I took it apart.  The challenging part is that you have to pull out the plastic sleeve to get the spring out.  I wasn't sure if that was supposed to be removed but youtube eased my worries.  Ordered two new springs and they came with new sleeves.  Popped them in and reinstalled the whole thing.  And it works!!
Broken-spring-(see-loose-cable-on-the-drum).jpg
Broken spring (see loose cable on the drum)
Broken spring (see loose cable on the drum)
Some-of-the-removed-parts.jpg
Some of the removed parts
Some of the removed parts
Pulling-the-spring-out.jpg
Pulling the spring out
Pulling the spring out
Broken-one.jpg
Broken one
Broken one
Brand-spanking-new-springs.jpg
Brand spanking new springs
Brand spanking new springs
New-ones-installed-(funny-how-the-old-ones-were-plastic-and-the-new-ones-are-metal).jpg
New ones installed (funny how the old ones were plastic and the new ones are metal)
New ones installed (funny how the old ones were plastic and the new ones are metal)
Back-together-.jpg
Back together!
Back together!
Staff note (gir bot) :

Mike Barkley approved this submission.
Note: Certified for 2 oddball points.

 
Mike Haasl
steward
Posts: 13702
Location: Northern WI (zone 4)
3984
5
hunting trees books food preservation solar woodworking
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Ok, last oddball submission for a little while....

I needed a person door to go from the main garage to the new 1 car garage.  So I picked a good spot in the wall and made it happen.

I went with a 32" rough opening so I could just remove two cinder blocks.  Luckily one edge of the blocks lined up with the studs.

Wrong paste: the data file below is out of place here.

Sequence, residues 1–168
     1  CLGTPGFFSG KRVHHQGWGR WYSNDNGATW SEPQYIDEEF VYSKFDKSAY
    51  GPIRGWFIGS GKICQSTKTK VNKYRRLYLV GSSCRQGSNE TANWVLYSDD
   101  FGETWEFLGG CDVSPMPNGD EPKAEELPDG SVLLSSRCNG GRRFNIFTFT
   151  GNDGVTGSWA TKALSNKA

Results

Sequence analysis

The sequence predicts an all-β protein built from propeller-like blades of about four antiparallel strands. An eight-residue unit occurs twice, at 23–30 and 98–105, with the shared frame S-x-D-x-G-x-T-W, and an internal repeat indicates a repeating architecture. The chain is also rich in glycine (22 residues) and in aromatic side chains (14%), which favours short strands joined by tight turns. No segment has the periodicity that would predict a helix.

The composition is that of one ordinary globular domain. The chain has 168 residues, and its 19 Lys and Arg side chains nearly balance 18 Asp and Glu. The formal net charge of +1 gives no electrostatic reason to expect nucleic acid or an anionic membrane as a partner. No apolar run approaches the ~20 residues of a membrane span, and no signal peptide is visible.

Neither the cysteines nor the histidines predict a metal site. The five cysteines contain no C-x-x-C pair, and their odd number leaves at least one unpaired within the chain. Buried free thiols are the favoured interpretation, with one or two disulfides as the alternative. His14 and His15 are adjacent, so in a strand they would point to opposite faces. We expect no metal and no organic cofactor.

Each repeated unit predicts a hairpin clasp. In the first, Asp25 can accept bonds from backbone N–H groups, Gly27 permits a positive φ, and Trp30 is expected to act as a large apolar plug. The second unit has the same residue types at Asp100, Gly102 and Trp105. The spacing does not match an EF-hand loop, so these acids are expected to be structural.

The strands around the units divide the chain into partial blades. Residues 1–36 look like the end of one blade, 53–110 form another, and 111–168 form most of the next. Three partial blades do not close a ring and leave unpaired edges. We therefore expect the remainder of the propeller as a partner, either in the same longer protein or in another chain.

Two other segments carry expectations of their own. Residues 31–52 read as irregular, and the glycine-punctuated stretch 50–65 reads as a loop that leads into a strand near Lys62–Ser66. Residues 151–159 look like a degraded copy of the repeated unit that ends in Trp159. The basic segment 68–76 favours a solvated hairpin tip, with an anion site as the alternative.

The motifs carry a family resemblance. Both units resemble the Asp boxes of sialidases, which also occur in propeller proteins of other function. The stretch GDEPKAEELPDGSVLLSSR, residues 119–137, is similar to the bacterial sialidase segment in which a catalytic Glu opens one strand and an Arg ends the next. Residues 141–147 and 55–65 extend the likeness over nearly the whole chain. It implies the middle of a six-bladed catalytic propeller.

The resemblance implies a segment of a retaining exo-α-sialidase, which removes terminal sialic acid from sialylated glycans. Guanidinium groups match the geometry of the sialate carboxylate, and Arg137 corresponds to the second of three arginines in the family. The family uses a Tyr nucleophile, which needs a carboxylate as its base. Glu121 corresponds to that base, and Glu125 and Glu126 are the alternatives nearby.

I slid over the other stud 3" to be the king stud and added the jack stud next to it.  I cut out the OSB and the tops of the studs for (I think they're called cripple studs?) above the header.

Made up a header from some 2x8s laying around and attached it all.

Lastly I had to knock out those two cinder blocks without messing up the blocks on either side.  I hammer drilled out the mortar as much as I could and then tapped on them with a hammer to try to get them out.  It didn't work so I ended up demolishing one block and popping out the second one.
Before-starting.jpg
Before starting
Before starting
Hole-cut-studs-on-left-moved-over-studs-cut-for-header-cinder-blocks-still-there.jpg
Hole cut, studs on left moved over, studs cut for header, cinder blocks still there
Hole cut, studs on left moved over, studs cut for header, cinder blocks still there
Header-done-and-thickened-up-to-look-nice-with-a-spare-hunk-of-osb.jpg
Header done and thickened up to look nice with a spare hunk of osb
Header done and thickened up to look nice with a spare hunk of osb
See-it-s-really-a-header.jpg
See, it's really a header
See, it's really a header
Cut-out-block-at-left-side.jpg
Cut out block at left side
Cut out block at left side
Cut-out-bock-at-right-side.jpg
Cut out bock at right side
Cut out bock at right side
Whole-shebang-with-a-glass-storm-door-as-an-interim-door.-Liking-it-so-far....jpg
Whole shebang with a glass storm door as an interim door. Liking it so far...
Whole shebang with a glass storm door as an interim door. Liking it so far...
Staff note (gir bot) :

Mike Barkley approved this submission.
Note: Certified for 4 oddball points.